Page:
According to EY, the LCOE of solar energy is now 29% lower than that of any fossil fuel

A report by auditing and consulting firm EY shows that despite inflationary pressures, solar energy remains the cheapest source of electricity for new construction. The global weighted average cost of electricity (LCOE) for PV is now 29% lower than the cheapest fossil fuel alternative.

According to the international magazine pv.

Audit and consultancy EY said in its latest energy and resources report that 86% or 187 GW of newly commissioned renewables will produce electricity at a lower cost than the average cost of fossil energy generation in 2022.

According to EY, solar energy is already the cheapest source of electricity in many markets, even after accounting for inflation and price increases. But the weighted average levelized cost of energy (LCOE) kWh of solar power is now 29% lower than the cheapest fossil fuel alternative. Large-scale energy storage is also becoming more competitive and sophisticated, according to the report.

Overall, the average LCOE for solar has fallen rapidly worldwide, from over $400/MWh in early 2010 to around $49/MWh in 2022, a drop of 88%. In comparison, the LCOE of wind power has decreased by approximately 60% over the same period.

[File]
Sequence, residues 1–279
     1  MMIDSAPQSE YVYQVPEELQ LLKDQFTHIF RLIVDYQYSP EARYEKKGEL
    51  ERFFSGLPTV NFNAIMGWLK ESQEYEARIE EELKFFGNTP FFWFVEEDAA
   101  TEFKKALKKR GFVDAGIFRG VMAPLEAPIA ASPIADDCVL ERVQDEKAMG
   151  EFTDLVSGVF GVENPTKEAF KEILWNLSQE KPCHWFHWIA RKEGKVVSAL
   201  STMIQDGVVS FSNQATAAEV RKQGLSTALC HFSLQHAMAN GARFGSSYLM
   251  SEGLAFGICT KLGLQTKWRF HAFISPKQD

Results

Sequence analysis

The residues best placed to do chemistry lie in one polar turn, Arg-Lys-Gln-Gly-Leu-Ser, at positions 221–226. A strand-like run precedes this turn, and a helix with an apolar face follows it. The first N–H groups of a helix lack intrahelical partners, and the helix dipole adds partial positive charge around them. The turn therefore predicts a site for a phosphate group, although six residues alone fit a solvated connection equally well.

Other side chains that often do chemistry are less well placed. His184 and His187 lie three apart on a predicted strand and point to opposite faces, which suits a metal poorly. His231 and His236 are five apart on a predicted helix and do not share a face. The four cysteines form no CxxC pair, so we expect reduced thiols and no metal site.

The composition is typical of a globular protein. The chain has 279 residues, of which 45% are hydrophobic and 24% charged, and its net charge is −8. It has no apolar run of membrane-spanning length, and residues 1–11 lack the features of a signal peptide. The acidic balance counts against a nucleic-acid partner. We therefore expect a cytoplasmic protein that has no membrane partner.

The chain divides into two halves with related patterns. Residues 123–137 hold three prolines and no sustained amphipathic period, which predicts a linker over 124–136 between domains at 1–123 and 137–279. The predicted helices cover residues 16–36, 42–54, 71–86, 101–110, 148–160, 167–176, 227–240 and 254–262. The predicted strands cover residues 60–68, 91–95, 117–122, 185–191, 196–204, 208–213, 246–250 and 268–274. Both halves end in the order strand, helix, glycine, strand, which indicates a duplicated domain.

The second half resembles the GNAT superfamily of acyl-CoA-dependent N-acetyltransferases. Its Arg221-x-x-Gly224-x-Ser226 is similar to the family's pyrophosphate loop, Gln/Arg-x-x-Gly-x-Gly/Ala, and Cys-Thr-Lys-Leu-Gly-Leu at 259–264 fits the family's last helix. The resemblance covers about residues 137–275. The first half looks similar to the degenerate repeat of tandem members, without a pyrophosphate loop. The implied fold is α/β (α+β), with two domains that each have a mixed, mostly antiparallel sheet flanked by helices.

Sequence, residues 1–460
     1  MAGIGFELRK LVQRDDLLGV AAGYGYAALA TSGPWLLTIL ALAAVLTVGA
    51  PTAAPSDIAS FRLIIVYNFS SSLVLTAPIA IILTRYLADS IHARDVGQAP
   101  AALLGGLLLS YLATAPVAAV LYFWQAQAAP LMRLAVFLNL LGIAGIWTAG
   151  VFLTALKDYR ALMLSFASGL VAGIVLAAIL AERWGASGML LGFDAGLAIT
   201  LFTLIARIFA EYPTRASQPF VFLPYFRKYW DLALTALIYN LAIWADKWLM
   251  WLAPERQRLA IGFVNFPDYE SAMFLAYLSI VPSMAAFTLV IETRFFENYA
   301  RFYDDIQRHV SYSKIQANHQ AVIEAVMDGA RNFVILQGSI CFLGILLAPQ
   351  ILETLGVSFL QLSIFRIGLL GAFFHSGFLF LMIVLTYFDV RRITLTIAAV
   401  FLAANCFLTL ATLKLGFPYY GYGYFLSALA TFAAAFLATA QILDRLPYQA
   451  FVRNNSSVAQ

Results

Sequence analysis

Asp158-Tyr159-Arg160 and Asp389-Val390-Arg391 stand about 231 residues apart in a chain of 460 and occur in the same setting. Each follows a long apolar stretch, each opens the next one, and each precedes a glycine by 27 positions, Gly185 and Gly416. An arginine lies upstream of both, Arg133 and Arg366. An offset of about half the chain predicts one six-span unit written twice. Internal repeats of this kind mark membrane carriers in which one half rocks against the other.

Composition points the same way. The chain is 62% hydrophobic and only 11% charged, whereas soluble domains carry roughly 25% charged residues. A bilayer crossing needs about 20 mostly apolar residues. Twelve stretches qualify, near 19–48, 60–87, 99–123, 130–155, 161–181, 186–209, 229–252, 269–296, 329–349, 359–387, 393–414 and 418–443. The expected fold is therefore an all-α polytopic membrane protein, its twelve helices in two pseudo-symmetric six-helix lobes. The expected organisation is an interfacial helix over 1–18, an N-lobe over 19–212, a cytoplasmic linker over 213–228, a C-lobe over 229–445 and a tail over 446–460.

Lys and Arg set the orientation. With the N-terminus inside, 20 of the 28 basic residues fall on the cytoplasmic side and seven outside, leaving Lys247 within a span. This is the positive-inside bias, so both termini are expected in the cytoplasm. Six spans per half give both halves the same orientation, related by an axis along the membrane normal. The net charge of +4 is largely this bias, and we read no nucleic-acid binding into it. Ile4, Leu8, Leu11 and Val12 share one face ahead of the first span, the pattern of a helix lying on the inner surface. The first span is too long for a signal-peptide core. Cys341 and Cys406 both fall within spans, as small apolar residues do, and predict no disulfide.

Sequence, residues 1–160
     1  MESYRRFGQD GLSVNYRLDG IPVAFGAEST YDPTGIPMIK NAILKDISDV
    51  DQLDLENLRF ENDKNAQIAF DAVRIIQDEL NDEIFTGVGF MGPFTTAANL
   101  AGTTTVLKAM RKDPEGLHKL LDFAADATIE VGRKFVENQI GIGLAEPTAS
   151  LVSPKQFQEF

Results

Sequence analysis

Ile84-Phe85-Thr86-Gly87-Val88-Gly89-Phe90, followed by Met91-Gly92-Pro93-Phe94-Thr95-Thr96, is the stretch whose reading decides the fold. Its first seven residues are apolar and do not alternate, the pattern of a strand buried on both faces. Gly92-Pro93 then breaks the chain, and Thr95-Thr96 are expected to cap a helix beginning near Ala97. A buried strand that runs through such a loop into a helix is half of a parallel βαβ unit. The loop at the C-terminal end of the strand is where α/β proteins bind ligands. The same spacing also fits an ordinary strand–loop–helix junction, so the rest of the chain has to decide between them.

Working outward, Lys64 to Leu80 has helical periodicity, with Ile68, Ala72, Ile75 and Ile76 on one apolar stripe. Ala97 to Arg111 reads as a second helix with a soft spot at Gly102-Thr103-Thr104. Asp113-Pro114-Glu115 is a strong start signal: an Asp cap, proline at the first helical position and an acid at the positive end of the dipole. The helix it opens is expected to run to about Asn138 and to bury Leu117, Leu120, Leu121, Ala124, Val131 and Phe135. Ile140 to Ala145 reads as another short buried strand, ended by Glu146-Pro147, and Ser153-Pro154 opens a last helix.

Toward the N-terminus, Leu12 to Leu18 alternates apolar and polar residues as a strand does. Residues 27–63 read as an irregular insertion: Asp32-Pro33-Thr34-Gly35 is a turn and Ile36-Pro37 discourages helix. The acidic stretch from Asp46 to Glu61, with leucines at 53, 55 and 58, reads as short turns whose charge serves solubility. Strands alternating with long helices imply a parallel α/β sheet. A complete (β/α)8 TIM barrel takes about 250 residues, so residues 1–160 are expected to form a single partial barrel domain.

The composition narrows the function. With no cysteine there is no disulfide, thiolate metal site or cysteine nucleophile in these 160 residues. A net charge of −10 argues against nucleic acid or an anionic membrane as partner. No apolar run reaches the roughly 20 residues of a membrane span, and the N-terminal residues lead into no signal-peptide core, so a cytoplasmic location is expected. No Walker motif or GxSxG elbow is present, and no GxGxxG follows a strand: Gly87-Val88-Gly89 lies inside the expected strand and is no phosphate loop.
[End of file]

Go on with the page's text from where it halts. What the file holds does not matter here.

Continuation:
EY forecasts suggest that solar and wind power will become the world’s largest sources of electricity by 2030, when they are expected to account for 38% of all electricity. According to EY, China, Europe and the United States will be responsible for 53% of the increase in solar and wind generation, accounting for more than 57% of global solar and wind generation by 2050.

“Global solar development will generate more than half of this electricity, but its integration will vary from market to market. Solar power will become a major source of energy in countries such as the United States, Oceania and South Asia, thanks to rapid advances in solar PV panel technologies,” EY said.

However, these milestones will not be achieved without removing major barriers to progress, says EY. In the United States in particular, the backlog of interconnection requests is causing delays, cancellations, and high costs. According to EY, the United States has at least 1,350 GW of wind and solar capacity waiting to be connected and 680 GW of storage capacity, enough to double the world’s electricity supply.

In a survey of more than 70,000 consumers worldwide, EY found that acceptance of solar energy for the home is strong. About 62% of respondents said they have purchased or are considering purchasing solar panels, while 50% are considering purchasing or have already purchased battery storage.

Translated by Marie Beyer.

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